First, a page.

Just a little bit of background about my college “situation”: I graduated from highschool in April 2016 and joined the Unitedworld Institute of Design (UID) in Ahmedabad, Gujarat, after working at the Government of Delhi for a month. UID was an excellent college for people who want to study design using the fundamentals of art. I’ll push in an update if I decide to join a program.
A few days ago, I tried to reset my password on PR.com, the press releases website. I entered my email, and they sent me the username and password in plain text. That’s right, in plain text.
The problem with this method of password storage is that if anyone gets access to your database, they can literally just see the passwords. This is why hashing is used, which converts the plain text password to an encrypted “hashed” version that is, in an ideal world, undecryptable. The problem with this hashing is really about how hashing fundamentally works: collisions are not uncommon, i.e., multiple strings could have the same hashed string.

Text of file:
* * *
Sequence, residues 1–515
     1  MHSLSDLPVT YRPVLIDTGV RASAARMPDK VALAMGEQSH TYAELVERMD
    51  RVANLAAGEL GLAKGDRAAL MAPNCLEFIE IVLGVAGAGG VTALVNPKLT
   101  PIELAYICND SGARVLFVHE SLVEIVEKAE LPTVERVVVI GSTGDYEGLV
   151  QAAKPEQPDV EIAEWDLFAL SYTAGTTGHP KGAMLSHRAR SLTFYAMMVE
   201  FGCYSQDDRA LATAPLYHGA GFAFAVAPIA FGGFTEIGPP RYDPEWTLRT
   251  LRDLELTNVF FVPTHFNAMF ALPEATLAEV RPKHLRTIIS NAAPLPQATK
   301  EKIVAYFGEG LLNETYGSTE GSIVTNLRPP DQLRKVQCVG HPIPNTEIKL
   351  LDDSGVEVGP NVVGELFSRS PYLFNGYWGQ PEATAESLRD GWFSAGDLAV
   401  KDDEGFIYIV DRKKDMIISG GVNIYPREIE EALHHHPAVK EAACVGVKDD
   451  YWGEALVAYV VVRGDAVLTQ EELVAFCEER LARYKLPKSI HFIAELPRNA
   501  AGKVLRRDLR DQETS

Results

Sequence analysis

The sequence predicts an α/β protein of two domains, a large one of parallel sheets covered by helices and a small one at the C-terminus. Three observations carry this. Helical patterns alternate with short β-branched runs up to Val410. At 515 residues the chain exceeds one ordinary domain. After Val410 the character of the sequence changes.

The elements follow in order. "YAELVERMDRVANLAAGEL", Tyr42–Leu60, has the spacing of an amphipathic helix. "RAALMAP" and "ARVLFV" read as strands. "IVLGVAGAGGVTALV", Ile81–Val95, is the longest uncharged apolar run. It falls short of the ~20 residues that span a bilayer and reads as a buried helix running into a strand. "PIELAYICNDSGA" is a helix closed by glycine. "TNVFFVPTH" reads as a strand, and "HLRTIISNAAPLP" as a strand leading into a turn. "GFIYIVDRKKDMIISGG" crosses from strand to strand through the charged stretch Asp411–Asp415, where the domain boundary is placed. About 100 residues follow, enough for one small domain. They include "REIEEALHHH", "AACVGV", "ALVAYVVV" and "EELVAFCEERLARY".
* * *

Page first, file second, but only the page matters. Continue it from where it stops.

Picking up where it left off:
This is usually how the process works: A user logs in, and a token is generated. The token is stored on the client (usually in a session, lately also as a local storage object). Then, to call an API, the view also sends the token. The server checks the integrity of the token and returns the relevant response. Each token contains a “private key” of sorts that only the server could’ve created. JWT does this really well. My way includes a hashed username and timestamp.
I made a small URL shortener for Oswald at osw.li in an hour using PHP and MySQL, but I want to learn the MEAN stack, so I thought that this could be a fun starter project. One interesting decision was to decide how many characters the shortened URL’s slug be.
I’ve only very recently started experimenting with Machine Learning, but Python has made is super simple. First, set up an scikit-learn environment (I used Anaconda) and import the decision tree classifier and import tree from sklearn. Compile this python script, and, if there are no errors, we have our environment set up. Now let’s get some data. In the following, we’re using two one-dimensional arrays for features and labels. Consider a phone app where we save the names of contacts I called, corresponding to the time when I called them.